Förderverein Informationstechnik und Gesellschaft

"Whitehall's control freaks are on a roll"

19 January 1999. Thanks to IB and Anon.

The Times [London], 19 January 1999 [opinion pages]

Sue Cameron

'The Government is running scared over electronic trade - it is using the war on crime as an excuse to snoop on us all through our computers'

Whitehall's control freaks are on a roll. Not only have they managed to consign the long-promised Freedom of Information Bill to the bottom of the pending tray, they are now poised to give themselves powers to go snooping through your computer.

Included in the Electronic Commerce Bill, due to be introduced this spring, are powers ostensibly designed to help the authorities to combat crime. But the Bill will also give the Government powers to eavesdrop on anyone's confidential computer messages, raising important questions about civil liberty, law enforcement and the power of the State.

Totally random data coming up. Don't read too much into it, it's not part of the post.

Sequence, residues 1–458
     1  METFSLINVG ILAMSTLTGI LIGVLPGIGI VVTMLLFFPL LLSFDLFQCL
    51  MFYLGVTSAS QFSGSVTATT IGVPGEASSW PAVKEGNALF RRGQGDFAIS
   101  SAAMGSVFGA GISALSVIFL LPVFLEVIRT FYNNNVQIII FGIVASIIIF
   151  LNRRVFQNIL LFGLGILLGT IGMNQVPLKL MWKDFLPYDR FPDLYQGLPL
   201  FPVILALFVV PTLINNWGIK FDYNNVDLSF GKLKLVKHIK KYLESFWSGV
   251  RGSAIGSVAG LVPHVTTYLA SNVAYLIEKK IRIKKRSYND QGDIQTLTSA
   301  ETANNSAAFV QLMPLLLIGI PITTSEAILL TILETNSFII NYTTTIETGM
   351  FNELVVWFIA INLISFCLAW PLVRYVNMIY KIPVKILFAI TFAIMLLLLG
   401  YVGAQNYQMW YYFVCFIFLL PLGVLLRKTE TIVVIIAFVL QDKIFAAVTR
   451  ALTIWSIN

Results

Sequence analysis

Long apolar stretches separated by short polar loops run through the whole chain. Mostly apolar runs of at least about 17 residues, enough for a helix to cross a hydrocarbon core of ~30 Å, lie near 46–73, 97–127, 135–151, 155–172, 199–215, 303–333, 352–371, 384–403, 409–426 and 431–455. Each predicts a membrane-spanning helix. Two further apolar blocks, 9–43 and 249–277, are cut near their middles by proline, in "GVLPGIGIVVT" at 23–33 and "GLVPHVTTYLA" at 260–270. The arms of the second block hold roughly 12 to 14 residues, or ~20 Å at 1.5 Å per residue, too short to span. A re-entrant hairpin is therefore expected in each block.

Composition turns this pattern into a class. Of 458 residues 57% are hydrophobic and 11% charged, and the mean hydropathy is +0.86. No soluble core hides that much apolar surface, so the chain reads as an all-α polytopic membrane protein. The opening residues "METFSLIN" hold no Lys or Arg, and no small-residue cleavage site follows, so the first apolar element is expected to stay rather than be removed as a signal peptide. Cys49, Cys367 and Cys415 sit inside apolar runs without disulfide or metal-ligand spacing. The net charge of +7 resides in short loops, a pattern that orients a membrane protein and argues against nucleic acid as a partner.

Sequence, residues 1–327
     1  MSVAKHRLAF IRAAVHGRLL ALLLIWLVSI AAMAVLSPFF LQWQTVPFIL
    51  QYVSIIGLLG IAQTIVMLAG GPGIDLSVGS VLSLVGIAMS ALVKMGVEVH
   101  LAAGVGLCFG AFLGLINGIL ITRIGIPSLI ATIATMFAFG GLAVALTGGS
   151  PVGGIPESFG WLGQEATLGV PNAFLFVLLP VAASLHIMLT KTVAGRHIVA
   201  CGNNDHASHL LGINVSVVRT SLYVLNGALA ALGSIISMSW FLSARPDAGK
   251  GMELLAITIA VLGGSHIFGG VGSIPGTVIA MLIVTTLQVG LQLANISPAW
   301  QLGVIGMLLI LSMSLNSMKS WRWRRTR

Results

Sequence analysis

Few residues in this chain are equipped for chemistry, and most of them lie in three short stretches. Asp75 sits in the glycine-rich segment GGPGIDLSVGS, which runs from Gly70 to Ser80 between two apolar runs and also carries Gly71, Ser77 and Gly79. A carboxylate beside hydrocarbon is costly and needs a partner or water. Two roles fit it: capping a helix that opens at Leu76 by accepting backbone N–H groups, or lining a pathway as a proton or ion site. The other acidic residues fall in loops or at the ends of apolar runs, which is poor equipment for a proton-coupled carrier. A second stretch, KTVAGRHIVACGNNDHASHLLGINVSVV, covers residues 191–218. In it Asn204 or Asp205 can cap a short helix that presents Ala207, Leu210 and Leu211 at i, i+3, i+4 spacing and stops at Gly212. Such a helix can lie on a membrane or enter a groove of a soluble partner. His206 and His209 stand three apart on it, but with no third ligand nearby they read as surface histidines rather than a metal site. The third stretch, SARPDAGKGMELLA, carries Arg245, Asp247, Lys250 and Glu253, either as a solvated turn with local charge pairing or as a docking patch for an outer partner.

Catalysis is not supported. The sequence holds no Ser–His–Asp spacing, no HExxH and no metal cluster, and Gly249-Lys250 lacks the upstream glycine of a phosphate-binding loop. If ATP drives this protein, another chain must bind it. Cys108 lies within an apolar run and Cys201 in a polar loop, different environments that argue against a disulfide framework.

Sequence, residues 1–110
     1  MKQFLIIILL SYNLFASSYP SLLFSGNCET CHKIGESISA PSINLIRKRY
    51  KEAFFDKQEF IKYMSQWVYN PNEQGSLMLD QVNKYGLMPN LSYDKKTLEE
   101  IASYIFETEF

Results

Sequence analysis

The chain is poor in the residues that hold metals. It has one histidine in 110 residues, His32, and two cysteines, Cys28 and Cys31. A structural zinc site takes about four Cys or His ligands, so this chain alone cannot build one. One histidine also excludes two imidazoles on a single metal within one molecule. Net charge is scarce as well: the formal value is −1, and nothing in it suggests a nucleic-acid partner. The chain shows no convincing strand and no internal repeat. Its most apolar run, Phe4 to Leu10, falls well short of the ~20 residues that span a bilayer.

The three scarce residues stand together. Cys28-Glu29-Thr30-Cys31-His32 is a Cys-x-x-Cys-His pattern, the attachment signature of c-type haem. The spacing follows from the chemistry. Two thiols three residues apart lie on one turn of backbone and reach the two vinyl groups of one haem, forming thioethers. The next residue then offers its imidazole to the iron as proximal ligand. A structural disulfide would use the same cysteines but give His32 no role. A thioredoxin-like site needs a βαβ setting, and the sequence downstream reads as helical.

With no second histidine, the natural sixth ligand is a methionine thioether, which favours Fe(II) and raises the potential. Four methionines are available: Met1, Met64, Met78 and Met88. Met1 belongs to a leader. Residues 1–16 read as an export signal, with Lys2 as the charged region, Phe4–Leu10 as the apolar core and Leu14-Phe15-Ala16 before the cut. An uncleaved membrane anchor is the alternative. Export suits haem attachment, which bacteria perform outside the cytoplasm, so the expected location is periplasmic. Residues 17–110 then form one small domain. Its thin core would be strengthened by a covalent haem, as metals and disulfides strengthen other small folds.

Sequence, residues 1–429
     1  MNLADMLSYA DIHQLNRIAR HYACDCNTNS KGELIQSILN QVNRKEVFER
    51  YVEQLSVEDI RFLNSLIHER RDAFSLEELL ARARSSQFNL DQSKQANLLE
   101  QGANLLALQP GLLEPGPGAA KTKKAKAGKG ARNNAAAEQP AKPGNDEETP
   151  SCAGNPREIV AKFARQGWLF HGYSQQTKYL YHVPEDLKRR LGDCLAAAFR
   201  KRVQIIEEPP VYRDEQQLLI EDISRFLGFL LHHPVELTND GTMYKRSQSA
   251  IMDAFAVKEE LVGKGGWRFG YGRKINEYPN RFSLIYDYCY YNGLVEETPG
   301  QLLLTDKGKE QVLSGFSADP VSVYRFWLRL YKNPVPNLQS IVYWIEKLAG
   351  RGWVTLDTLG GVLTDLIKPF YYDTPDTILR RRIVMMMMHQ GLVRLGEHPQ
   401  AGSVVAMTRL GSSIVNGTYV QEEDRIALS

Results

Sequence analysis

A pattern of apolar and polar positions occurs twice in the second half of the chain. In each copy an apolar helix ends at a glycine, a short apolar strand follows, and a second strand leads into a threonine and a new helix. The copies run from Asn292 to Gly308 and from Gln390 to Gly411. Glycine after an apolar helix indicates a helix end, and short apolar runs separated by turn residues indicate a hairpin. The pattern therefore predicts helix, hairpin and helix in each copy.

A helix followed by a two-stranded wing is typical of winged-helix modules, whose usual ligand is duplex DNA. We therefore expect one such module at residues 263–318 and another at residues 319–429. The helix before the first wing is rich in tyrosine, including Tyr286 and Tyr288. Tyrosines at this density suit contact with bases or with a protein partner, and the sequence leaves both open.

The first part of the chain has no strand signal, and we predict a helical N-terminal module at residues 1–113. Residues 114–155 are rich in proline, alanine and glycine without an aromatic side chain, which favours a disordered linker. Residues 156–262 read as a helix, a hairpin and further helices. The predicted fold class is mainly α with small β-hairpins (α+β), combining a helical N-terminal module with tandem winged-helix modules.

The issue, with its uncomfortable echoes of the erosion of individual freedoms so vividly depicted in the film Enemy of the State, will be raised when the Commons Trade and Industry Select Committee meets today.

The logic of the Bill seems obvious - a quarter of all business deals are expected soon to be done through what is known as e-commerce and the Government wants to create a legal framework in which such trade can flourish.

Specifically, the Bill is meant to boost public confidence in the security of e-commerce. People need to be sure that the information they send over the networks is confidential. This is ensured through encryption, and the Government is planning to offer licences to encryption services - bodies known as Trusted Third Parties, or TTPs. Any organisation wanting a licence will have to satisfy Oftel that it can meet minimum standards of reliability and technical competence.

It is with the TTPs that the concerns begin. They will keep copies of everyone's encryption keys - the devices that enable messages to be decoded - and the Bill will give law enforcement agencies the right to demand access to these keys.